Early next week Bon Iver will release the follow-up to his critically acclaimed 2008 album For Emma, Forever Ago. Following on from the success of his debut, it’s clear to see that this self-titled follow up is one of the most anticipated albums of the year. Already today, Alec has written about Bon Iver’s exciting approach to genre in an excellent piece which you can read here, and I couldn’t help but notice that Bobby had clocked up quite a few Bon Iver listens on his weekly Last.fm chart too. I think I also might have a touch of ‘Bon Iver Fever’ and so I thought I’d chip in my two cents and share with you a stream of the new album as well as draw your attention to the amazing work of Gregory Euclide which adorns the album’s cover.
First-things-first, the album sounds pretty amazing! Opener Perth is a stellar track, featuring full on marching band drums and a proper big band sound. The album swoons and sores at all the right moments and brings in brass at the most wonderful of times. Vernon still manages to hold on to the tenderness in his vocals and displays a delicate intimacy from time to time which I can imagine will clearly satisfy those who had loved his first album so much. This is an album for the headphones no doubt, and it’s a recording that sounds complex, organic and conjures up images of far off landscapes. It’s for this reason that Gregory Euclide’s work is the perfect companion to the albums sound.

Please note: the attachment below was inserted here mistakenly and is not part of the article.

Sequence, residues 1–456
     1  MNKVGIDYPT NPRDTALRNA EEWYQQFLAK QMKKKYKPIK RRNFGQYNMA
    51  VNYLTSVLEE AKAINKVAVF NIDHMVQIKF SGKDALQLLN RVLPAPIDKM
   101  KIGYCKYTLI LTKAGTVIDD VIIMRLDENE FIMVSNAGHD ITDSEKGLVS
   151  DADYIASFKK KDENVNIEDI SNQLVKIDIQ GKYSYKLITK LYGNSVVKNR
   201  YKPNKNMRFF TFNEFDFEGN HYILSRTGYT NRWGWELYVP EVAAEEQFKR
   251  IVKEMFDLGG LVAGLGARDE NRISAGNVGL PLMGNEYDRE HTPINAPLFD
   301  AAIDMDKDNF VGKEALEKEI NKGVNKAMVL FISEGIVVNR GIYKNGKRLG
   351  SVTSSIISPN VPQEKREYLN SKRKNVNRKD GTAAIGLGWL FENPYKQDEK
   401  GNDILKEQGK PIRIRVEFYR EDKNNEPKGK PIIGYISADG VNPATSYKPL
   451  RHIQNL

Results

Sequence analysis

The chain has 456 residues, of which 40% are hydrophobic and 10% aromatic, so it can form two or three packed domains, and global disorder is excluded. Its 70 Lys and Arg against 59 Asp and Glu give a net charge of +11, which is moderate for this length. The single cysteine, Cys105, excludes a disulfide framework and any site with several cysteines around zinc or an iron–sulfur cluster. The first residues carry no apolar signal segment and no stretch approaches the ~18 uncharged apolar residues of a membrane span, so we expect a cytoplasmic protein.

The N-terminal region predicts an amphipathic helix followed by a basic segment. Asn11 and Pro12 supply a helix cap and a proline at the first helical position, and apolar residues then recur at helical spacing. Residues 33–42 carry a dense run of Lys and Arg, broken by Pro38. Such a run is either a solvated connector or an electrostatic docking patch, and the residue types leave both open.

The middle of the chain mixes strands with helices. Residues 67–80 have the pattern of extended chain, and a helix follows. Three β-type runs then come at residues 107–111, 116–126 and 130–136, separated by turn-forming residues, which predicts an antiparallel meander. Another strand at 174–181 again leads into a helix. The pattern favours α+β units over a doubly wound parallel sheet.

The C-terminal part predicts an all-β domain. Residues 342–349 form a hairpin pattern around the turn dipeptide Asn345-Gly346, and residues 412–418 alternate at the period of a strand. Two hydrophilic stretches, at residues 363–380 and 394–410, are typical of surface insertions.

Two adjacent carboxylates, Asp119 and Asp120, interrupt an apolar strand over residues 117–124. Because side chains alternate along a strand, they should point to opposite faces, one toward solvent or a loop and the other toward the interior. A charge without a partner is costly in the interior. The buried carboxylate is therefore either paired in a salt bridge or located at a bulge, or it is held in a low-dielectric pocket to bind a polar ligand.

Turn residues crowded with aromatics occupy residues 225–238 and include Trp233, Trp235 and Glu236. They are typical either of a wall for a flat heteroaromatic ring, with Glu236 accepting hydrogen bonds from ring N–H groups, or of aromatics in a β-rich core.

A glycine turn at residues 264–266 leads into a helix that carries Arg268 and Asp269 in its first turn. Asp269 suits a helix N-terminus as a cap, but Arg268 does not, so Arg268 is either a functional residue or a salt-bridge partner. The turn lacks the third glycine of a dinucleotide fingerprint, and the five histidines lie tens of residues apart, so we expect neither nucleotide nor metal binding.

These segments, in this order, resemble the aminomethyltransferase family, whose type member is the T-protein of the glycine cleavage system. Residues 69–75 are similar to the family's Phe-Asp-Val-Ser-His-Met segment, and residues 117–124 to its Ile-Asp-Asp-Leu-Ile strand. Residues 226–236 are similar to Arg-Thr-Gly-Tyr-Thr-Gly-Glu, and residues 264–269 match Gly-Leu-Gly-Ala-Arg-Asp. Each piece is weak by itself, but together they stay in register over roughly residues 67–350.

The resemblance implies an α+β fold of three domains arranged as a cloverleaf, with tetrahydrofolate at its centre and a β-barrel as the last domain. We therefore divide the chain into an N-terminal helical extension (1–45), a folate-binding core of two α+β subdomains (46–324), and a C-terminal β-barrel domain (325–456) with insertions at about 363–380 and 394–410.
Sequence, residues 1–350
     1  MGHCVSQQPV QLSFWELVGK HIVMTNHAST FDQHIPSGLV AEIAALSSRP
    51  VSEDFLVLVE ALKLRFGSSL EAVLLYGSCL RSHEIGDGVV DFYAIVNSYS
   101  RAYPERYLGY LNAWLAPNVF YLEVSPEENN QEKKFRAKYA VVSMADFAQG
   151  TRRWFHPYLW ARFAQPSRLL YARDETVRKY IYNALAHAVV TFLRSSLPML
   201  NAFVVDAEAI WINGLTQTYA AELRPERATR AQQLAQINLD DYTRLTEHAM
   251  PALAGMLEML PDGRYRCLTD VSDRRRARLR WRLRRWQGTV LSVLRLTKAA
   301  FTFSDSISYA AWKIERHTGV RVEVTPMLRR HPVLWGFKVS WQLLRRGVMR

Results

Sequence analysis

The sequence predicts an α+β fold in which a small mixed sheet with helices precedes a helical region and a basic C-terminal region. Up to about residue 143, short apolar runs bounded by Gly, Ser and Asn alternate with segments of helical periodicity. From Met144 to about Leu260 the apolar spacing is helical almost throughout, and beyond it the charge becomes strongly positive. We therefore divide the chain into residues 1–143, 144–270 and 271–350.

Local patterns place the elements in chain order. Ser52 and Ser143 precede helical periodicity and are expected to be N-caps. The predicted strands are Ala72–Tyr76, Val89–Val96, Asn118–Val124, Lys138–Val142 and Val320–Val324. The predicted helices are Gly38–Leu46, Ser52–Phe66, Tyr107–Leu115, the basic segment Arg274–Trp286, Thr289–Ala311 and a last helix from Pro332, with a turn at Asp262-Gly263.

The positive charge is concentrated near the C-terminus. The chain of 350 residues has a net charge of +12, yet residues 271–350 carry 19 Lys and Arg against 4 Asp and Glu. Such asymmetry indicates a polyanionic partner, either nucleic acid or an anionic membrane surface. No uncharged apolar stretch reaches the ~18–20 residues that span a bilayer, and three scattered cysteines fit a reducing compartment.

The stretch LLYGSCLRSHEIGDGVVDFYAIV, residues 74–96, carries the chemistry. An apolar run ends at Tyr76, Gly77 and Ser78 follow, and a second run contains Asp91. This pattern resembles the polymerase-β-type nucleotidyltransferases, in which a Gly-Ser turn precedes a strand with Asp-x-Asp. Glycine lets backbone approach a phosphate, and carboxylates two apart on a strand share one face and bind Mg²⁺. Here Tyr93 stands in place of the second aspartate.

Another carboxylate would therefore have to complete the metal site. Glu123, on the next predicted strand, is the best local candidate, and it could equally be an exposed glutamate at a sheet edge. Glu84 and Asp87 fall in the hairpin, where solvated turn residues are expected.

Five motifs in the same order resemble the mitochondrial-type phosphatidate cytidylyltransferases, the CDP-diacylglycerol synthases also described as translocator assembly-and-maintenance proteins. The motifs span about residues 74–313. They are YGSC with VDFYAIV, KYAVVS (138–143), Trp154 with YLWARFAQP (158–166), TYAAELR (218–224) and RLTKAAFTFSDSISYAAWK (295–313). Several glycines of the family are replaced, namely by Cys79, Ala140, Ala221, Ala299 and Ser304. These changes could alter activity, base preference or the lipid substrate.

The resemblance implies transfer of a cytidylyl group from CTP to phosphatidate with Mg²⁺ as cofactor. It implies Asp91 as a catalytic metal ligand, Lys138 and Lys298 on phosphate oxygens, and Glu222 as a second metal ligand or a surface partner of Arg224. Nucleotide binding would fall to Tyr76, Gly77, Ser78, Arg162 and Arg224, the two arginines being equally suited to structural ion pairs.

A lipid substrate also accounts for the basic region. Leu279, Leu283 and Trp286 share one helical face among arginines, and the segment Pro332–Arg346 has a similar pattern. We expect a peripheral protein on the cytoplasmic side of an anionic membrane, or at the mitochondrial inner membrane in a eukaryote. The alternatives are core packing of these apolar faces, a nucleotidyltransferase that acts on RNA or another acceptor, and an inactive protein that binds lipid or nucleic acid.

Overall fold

Euclide is a Minneapolis-based artist who creates incredibly detailed and unconventional landscapes which are part-painting and part-sculpture. Relief work plays a huge role in his practice and sometimes whole elements of the canvas will be ripped open and twisted out of shape to reveal deeper landscapes. His work often warps in on itself and his use of living matter can at times be seen slowly decaying right on the surface of his paintings. Euclide’s work is about landscape, and so he captures much of what makes nature so wonderful – it’s delicate intricacies and it’s aggressive and destructive changeability. Euclide also has a great website, with links to some amazing documentation showing his work progress that includes many photos and videos of how his work is created. For those who are interested, there’s a terrific set over on Flickr which shows the process of creating the album work for the new Bon Iver LP. It’s well worth checking out.